Having spent much of my life dealing with the Steve Jobs phenomenon, I can say that it was only in the last few years that he became the great figure he was always destined to be.
Why your life and the lives of your children and grandchildren are going to be a whole lot better than they might have been.
Paul Baran helped invent the Internet; but in the end, he also taught us how to live our own lives, from beginning to end, in the Internet Age.
This past Christmas, thanks to a photograph I received from out of the blue, I was able to turn to my wife and sons and say, “There’s my childhood.” And to tell myself: even though it was nearly a half-century ago, it was real. Update 1/20/11: Per the request of the readers, another photo referenced in the article has been added at end of the piece.
It was a California connection that had brought our small group of Silicon Valley Boy Scouts and dads to this quiet corner of the Potomac, where a classic early battle of the Civil War occurred.
After a decade of controversy, Scouting has become something you don’t discuss with your sophisticated, bien-pensant friends. To then be marching with legions of Scouts before thousands cheering in DC, was far more overwhelming than the local heat.
As my mother lay dying, 4th of July fireworks were exploding beyond her hospital window. That seemed appropriate, as hers was a quintessential American life, the likes of which, in our very different world, we are unlikely to ever see again.
A lot of people saw Jobs' tone at the press conference on the iPhone 4G's "AntennaGate" flap as contempt for his customers. His attitude seemed to be: look at all that I’ve done for you people — and now you quibble over some trifle?
Leadership, I’ve come to believe, is not about knowledge, but character.
Are bloggers "journalists"? Are journalists journalists any longer? As the old media dies and the new media finds its footing, the Gizmodo/Apple iPhone G4 affair raises troubling questions.
What is it about tablet computers that have long made them so appealing?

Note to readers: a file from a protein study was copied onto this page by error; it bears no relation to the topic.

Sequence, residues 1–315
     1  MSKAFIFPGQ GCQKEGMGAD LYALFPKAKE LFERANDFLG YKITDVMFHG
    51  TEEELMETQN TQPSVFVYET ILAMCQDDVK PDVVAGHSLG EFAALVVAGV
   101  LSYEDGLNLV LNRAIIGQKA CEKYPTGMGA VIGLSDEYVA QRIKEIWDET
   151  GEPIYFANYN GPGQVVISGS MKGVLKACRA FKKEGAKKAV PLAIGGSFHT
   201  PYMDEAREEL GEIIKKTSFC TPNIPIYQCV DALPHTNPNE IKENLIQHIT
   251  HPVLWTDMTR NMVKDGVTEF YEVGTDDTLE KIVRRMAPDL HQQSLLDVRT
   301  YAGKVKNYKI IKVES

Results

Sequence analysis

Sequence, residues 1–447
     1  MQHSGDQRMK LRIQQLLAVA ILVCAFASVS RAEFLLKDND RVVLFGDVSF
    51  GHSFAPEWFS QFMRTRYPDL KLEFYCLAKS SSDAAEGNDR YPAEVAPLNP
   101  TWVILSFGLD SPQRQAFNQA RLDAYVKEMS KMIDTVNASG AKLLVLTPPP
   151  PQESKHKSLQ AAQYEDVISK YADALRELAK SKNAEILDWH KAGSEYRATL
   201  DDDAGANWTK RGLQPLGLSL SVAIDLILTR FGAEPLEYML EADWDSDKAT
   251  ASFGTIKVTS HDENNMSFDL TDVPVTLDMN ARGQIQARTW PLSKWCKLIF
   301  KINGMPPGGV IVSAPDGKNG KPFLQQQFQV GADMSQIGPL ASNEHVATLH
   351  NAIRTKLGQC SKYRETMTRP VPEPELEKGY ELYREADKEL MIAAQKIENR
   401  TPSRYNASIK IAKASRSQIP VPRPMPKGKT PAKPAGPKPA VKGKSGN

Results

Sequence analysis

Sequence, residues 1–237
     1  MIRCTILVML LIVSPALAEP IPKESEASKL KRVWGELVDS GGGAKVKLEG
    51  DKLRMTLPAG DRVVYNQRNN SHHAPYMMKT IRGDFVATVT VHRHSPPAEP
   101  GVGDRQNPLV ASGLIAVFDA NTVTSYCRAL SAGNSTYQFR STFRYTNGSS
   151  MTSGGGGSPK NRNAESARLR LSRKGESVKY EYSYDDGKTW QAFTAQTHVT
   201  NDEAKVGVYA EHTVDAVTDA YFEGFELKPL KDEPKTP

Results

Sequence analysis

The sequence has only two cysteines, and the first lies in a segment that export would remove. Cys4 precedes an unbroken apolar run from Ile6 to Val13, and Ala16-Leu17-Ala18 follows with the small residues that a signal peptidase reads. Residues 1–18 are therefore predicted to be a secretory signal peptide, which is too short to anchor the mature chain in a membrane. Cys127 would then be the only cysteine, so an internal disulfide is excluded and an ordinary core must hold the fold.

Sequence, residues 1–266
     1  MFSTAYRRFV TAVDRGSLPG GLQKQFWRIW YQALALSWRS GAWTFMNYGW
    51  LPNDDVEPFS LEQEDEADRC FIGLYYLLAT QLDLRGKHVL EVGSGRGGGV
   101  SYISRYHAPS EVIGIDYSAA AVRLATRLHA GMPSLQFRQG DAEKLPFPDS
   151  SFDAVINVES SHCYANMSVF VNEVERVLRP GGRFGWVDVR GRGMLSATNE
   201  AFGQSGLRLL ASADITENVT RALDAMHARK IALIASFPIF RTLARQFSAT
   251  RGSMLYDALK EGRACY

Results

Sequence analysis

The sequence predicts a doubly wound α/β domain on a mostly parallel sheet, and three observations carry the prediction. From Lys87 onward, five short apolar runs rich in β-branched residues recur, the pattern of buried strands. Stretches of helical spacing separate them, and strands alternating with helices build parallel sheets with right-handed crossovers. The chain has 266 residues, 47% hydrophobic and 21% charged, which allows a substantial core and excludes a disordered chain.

(And don't miss "Beyond the iPad Hype" by Edgelings' Scott Budman for a contrarian take.)
In a stunning example of tough talk from a diplomat, Secretary of State Clinton makes the case for free speech in cyberspace.
Get ready for Google's Nexus One and the Apple Tablet.
The nation's newspapers face a Hobson's choice: either convince the government to bail them out (and lose their independence) or abandon the news for something else (and continue losing their credibility).
Like Afghanistan, Obama really doesn't want to deal with unemployment, so we get a PR stunt instead of anything substantive.
That's how the bitter feud between Intel and Advanced Micro Devices finally concluded.
What do World War II, Apple vs. Microsoft, and the Republic of Armenia have in common?
Despite the title of a best-selling book of a few years back, it turns out that the world isn’t flat. (Watch Ed Driscoll's recent video interview with Malone here.)
Congress finally does something right for the hi-tech industry.
There's still no clear indication whether the U.S. economy is actually recovering or sinking into recession.
All of the prosperity I see returning to Silicon Valley is, in fact, something of an illusion.
How Microsoft and T-Mobile betrayed over a million users of the Sidekick smartphone.
Not only has the tech revolution come to the real estate business, but there is a technology arms race going on right now.